Dr. Clare Stirling
On maize farming, climate change adaptation and GHG emissions in the run up to 2030.
As part of the IFA2030 fertilizer industry strategic review exercise, IFA has conducted a series of interviews with leading plant nutrition academics and industry experts about how they see the future for farming and fertilizers.
IFA: What do you see as the main benefits of a strategic exercise like IFA2030 for the fertilizer industry?
Dr. Clare Stirling: IFA2030 is very timely. It offers an opportunity for the fertilizer industry and other stakeholders to better position themselves to help address some of the major challenges facing agriculture: namely how to feed a growing population in a changing climate whilst protecting natural resources and the environment. The challenges are immense and will play out differently in different regions. This strategic review process can contribute to a better understanding of the global and local contexts and the specific levers that will be needed to bring about change at the biophysical, socio-economic and political levels. I look forward to developments.
IFA: How do you see climate change affecting plant nutrition and the fertilizer industry over the next 12 years?
Dr. Clare Stirling: Climate change is a threat multiplier and the most vulnerable food production systems are those with low inputs and degraded soils typical of many regions of sub-Saharan Africa. In these systems, both yield and inputs must be increased to meet food security targets and to protect soils which are pivotal to increasing climate resilience. This will require the optimized use of both mineral and organic fertilizer sources.
Inevitably this will result in an increase in absolute GHG emissions from fertilizers given that currently only 1.9% of world fertilizer is consumed in SSA, but the appropriate target for this region should be reduced emissions and intensified crop yields which will be feasible if best management practices are employed and the unsustainable mining of soils are avoided. In other regions such as India and China, absolute reductions in GHG emissions are feasible if more appropriate fertilizer blends and best practices are incentivized to avoid nutrient imbalances and overuse.
IFA: What do you think will be the state of maize and wheat farming globally by 2030?
Dr. Clare Stirling: As two of the three most important cereals feeding the world, the other being rice, demand for maize and wheat is set to increase over the next few decades with two key drivers being the increase in population and changes in diets. By 2030 there will be an estimated extra 1.62 billion people to feed and most of this population growth will be in the developing world. Along with population increase, shifting diets will also be a key driver with more consumers in low- and middle-income countries wanting to eat wheat-based food at an affordable price, as urbanization expands.
In the case of maize, livestock feed is a major driver as preference for animal products and in particular poultry will contribute to a sharp increase in demand for maize. Because of the limitations on land availability, the increase in production will come mainly from higher yields per unit area rather than an expansion of crop area. This presents a particular challenge given that in many regions yields of wheat and maize have stagnated. For example, over the past few decades yield stagnation has been observed in nearly 40% of wheat growth areas. In large parts of Africa, yields of maize have never increased.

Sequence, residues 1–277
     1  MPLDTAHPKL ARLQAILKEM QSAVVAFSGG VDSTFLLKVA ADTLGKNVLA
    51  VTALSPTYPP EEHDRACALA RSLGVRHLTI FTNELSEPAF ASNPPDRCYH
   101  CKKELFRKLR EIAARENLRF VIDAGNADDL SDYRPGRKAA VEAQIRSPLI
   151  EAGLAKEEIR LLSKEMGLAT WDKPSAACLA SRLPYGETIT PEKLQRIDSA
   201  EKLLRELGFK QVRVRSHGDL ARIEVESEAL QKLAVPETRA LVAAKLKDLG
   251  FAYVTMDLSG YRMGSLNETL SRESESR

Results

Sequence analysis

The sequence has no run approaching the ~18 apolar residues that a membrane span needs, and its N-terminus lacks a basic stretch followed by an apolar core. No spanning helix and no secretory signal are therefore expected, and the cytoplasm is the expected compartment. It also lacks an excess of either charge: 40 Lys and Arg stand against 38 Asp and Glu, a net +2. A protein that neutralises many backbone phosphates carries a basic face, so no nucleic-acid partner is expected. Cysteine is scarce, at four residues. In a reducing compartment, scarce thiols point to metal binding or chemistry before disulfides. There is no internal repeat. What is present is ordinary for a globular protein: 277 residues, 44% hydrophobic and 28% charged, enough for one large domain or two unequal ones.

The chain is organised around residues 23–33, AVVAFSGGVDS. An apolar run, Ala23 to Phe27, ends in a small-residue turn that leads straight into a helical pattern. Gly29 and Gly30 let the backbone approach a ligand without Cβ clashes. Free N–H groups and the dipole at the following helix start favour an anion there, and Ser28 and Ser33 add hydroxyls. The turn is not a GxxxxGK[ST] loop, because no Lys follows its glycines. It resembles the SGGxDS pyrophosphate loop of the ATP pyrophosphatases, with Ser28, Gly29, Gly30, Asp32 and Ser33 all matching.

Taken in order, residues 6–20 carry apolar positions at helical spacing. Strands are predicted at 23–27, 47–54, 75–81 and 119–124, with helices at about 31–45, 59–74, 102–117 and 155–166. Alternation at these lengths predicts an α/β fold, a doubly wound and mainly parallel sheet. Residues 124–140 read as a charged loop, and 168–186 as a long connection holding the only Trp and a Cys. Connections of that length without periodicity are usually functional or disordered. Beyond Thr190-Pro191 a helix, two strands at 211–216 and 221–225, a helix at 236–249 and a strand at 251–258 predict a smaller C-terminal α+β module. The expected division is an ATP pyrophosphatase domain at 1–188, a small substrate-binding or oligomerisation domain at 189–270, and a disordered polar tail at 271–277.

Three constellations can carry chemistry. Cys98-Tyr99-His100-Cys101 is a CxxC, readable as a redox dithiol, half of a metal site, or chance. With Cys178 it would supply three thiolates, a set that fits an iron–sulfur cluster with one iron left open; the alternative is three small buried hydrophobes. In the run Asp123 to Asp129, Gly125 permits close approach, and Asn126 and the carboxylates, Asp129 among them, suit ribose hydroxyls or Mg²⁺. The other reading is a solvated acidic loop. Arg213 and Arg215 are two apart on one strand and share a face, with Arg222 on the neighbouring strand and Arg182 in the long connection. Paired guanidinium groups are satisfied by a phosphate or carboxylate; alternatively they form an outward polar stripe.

The reasons for this are complex and undoubtedly climate change and soil degradation will play an important part. This all points to the fact that substantial investment in agriculture is needed in the coming decades to draw on the best innovations in breeding, agronomy, soil and resource management to meet the challenges of sustainably increasing production of wheat and maize in a changing climate.
IFA: How will smallholder farmers best adapt to and mitigate climate change in the coming decades?
Dr. Clare Stirling: There will be no silver bullets. A major challenge is the high level of uncertainty in how climate change will play out at the regional and local scale over the coming decades as this is the level that many national and local climate change adaptation planning takes place. Given all the uncertainty, the priority should be to make use of the best science to realize the best yields in good years. When the bad years hit, institutional frameworks and safety nets need to be in place to provide support and build long term resilience. By focusing on sustainable intensification, climate change mitigation through reduced greenhouse gas emissions can be a co-benefit.
A recent analysis by CIMMYT in India estimated a technical mitigation potential of 85.5 metric tons of carbon dioxide equivalent per year through adoption of various mitigation practices. About 80% of this mitigation potential could be achieved through cost-saving measures due to more efficient use of resources such as water and fertilizer. Indeed, efficient use of fertilizer (e.g. adoption of the 4Rs), zero-tillage and water management in crops is estimated to deliver more than 50% of the total technical GHG mitigation potential.
About Dr. Clare Stirling
Dr. Clare Stirling is a Senior Scientist with the Sustainable Intensification Program (SIP) at the CIMMYT (International Maize and Wheat Improvement Centre) where she is the strategic lead for climate change research and the project leader and focal point for CCAFS-funded (CGIAR program on Climate Change Agriculture and Food Security) research. Her research is mainly on adaptation and mitigation of smallholder wheat- and maize-based systems to climate change with a focus on South Asia and sub-Saharan Africa.